At the time of the exposι, it was widely reported that at a meeting between a delegation of the Chief Rabbinate, lead by Rabbi Metzger, and the Orthodox Union (America's largest kashrut supervising agency) the halakhic fitness of this meat was confirmed but included an admission that the methods of restraint used there are 'extremely painful to view' and should be eliminated. Those of us familiar with kosher slaughter knew that the Rabbanut would not agree to accept the use of the most gentle restraint method whereby the animal remains upright and calm until the moment the cut is made; the Israeli Rabbanut holds by a stricture that the animal must be inverted in order for the cut to be in a downward motion. Of course, this requirement is unnecessary as proven by the fact that glatt kosher meat is produced with the standing pen method and is consumed by haredim outside of Israel.

 

There does exist, however, an inversion method that is much more humane than shackle and hoist and is approved by the Rabbanut. The method employs a box-like holding pen that inverts the animal before the shechitah. Kosher slaughter plants in the U.S. and Europe use this method in order to comply with the animal welfare laws in the host countries, as well as to better fulfill the Jewish precept of tsa'ar ba'alei chaim. It was this very method that Rabbi Metzger mentioned to the press two years ago when claiming concern for improving the welfare of animals used to provide Israelis with kosher meat.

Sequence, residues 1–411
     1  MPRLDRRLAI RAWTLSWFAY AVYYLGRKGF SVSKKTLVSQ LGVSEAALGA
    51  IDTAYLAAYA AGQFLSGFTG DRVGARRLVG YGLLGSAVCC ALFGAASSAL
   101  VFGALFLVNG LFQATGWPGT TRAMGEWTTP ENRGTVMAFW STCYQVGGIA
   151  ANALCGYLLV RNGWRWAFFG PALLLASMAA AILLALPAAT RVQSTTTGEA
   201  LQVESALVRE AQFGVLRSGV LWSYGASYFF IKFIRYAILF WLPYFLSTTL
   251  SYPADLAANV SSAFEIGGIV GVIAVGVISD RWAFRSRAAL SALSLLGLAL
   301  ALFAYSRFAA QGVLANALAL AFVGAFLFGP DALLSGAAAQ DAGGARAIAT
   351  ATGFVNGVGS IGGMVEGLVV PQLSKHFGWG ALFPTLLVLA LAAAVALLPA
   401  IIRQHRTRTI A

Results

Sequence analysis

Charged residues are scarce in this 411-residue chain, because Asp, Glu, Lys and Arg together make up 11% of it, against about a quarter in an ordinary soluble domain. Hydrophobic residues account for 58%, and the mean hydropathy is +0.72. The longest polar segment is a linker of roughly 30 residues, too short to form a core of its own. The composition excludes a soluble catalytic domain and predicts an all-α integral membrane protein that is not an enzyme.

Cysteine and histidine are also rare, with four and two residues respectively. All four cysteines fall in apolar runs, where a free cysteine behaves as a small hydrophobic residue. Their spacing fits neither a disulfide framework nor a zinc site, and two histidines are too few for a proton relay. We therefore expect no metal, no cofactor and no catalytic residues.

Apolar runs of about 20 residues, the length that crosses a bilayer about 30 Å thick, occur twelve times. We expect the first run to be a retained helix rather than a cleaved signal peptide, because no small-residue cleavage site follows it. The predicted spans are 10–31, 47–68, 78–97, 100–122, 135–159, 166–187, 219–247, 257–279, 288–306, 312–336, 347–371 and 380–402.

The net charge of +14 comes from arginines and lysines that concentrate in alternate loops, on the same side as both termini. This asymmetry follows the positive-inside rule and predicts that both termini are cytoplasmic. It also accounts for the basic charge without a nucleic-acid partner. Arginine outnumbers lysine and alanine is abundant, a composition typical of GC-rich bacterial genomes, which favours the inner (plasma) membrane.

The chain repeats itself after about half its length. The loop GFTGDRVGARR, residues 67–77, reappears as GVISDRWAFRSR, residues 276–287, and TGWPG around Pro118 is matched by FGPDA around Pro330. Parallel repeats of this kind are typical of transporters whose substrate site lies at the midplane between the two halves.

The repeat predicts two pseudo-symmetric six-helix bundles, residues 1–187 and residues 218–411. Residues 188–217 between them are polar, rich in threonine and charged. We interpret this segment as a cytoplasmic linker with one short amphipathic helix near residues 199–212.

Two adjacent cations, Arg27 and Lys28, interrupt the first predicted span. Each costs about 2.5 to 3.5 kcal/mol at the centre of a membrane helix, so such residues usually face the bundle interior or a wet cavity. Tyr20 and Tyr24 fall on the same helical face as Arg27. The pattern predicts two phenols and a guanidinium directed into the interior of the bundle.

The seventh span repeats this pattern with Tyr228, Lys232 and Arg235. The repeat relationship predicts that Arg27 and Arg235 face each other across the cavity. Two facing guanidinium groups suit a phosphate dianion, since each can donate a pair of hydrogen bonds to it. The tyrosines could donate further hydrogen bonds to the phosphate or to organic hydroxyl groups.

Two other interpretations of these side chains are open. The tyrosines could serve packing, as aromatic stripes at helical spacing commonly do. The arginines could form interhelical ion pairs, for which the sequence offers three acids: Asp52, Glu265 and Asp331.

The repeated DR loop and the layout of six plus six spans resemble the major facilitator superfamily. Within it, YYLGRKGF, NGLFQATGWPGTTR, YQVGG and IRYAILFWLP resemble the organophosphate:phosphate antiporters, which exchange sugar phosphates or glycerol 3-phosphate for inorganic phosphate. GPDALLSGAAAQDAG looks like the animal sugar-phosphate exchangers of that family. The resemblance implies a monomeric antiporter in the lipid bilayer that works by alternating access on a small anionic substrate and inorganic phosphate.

In the 30 months since that time, the only step taken by Rabbi Metzger on the matter was to meet with kosher meat importers in Israel asking them to request a change of method in the slaughterhouses. You read correctly – the Chief Rabbi of Israel asked the very businesspeople for whom changes may be more costly to be responsible to try to change industry shechitah practices in South America. All of the shochtim in South America are under the supervision of the Rabbanut. All of the kosher meat imported from South America into Israel must get the approval of the Rabbanut — yet, as the head of kashrut supervision Rabbi Metzger has not used the authority our State gives him to make any of the changes for which he is empowered. In fact, he seems to have tried to absolve himself of responsibility by placing the onus of blame on those who import the meat his own department supervises and endorses.